• Everyone, only department managers or supervisors, other authorized people?
        • The benefit of having a layer in between the building occupants and the WRC is that the contact person can weed out frivolous requests and make sure request are properly submitted.
        • The downside of have layers in between the facility users and the WRC is that some requests might be missed and the WRC doesn’t necessarily have oversight of the contact person’s observance of the policy.
      • Receiving work requests from a facility user is a customer service function. Ultimately the facilities exist to serve the business and the business function is carried out by the people working in the business.
    • Maintenance schedules.
    • Building monitoring systems, sensors, automated alerts, etc.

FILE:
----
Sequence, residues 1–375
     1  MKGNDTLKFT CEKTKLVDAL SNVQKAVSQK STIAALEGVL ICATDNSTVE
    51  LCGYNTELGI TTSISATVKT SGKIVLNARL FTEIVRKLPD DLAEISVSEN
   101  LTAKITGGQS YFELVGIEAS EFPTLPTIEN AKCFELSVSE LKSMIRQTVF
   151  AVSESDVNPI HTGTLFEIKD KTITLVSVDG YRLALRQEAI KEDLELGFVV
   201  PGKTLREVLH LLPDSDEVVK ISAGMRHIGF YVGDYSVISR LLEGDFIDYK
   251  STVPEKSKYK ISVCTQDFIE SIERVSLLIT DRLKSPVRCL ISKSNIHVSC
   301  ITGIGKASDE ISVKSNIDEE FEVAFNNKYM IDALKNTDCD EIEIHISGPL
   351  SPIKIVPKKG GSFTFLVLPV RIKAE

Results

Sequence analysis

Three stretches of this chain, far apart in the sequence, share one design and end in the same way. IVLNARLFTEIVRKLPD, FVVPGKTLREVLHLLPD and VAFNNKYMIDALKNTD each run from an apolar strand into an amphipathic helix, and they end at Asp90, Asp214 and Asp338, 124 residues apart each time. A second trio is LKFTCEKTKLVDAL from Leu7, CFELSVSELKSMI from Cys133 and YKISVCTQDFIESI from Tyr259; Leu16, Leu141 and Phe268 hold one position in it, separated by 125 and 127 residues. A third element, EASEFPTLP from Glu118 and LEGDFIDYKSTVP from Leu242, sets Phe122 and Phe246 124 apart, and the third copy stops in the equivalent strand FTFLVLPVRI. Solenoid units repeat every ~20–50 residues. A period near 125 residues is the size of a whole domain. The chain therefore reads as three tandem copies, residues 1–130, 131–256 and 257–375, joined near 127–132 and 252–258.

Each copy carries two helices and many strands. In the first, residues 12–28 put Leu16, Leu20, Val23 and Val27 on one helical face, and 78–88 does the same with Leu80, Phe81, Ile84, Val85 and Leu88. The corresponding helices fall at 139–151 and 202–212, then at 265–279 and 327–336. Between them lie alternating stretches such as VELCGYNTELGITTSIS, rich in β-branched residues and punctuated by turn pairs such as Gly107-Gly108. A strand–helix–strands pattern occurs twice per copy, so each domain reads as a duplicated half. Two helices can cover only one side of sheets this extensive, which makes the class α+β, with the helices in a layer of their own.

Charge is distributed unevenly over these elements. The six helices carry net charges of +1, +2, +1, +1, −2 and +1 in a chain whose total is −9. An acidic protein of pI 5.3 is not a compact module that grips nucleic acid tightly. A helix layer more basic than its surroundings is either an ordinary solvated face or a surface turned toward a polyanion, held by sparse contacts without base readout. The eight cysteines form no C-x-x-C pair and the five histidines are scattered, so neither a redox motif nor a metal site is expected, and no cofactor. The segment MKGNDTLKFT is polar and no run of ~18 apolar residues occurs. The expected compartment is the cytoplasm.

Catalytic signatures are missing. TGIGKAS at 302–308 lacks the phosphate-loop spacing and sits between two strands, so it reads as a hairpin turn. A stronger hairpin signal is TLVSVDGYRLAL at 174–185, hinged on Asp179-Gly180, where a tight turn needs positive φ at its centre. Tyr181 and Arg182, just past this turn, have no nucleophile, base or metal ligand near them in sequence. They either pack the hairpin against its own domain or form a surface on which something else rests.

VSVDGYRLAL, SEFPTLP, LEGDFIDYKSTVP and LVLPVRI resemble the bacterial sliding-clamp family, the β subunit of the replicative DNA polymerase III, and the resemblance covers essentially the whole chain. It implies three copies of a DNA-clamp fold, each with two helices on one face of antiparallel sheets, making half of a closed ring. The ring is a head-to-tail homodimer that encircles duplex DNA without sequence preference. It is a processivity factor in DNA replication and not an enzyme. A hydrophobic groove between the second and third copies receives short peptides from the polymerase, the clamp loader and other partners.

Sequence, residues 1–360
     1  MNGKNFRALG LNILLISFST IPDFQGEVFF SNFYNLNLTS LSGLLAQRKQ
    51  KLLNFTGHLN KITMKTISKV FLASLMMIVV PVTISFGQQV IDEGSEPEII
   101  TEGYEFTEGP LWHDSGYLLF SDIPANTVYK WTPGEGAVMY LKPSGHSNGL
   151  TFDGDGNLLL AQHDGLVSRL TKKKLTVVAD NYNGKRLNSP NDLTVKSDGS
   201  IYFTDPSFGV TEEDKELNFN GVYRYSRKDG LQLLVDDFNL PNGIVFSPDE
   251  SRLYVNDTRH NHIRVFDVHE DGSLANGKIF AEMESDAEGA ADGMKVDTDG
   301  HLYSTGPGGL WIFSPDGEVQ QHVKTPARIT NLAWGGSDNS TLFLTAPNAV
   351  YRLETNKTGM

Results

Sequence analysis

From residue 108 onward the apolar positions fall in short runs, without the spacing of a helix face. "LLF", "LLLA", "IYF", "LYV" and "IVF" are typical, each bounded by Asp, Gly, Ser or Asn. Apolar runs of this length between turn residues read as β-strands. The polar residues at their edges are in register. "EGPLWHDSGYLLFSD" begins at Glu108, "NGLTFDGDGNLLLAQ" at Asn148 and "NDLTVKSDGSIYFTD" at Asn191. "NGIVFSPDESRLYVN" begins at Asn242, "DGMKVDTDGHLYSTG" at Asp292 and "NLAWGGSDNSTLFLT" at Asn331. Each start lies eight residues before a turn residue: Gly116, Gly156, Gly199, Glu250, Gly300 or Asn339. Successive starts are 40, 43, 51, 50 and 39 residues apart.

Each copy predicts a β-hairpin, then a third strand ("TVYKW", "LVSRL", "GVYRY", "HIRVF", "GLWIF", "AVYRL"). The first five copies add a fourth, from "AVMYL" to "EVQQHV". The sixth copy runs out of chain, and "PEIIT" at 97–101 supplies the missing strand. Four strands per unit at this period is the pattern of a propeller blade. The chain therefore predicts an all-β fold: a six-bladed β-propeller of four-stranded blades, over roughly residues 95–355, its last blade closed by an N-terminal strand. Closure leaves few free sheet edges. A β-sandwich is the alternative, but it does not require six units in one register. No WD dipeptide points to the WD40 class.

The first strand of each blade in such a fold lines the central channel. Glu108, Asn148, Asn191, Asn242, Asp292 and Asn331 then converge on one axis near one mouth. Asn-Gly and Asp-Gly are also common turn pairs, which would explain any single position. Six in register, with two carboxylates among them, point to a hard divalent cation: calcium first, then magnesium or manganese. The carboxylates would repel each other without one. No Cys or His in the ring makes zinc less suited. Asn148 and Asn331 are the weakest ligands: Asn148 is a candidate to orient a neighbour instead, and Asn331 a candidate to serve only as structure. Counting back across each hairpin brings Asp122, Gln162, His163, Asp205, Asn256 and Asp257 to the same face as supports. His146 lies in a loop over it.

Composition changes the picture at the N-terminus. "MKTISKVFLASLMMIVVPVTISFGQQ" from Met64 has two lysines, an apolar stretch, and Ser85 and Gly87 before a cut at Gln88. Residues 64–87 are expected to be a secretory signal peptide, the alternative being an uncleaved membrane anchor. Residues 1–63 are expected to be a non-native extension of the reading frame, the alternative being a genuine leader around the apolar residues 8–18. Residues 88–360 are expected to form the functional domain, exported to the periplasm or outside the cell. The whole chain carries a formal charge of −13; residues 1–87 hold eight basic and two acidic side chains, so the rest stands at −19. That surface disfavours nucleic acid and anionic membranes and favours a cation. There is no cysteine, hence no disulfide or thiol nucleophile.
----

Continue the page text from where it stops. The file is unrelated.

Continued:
• Observations by facility management staff.
  • For every work item received, the WRC will create a work order, then prioritize, task, coordinate, and evaluate the work.
  • Why is it important for all work to come through the WRC?
    • All work can be handled according to the established procedures.
    • Work requests don’t get lost or forgotten.
    • Work can be properly accounted for, logged,
    • benchmarked, charged to the right business unit, etc
    • Work can be given to the right service provider (see tasking section)
    • Work can be coordinated across the organization. Reduces duplicate or unnecessary effort.
    • Frees the facility manager and other leadership from dealing with routine tasks.
  • Who will monitor the work input sources?
    • Need someone (or multiple people) to answer the phone, check the email, process the CMMS tickets, react to the BMS alerts, and act on all of those inputs (generate work orders and push them into the workflow, contact the appropriate people, etc).
    • Might be the same person doing all of those things.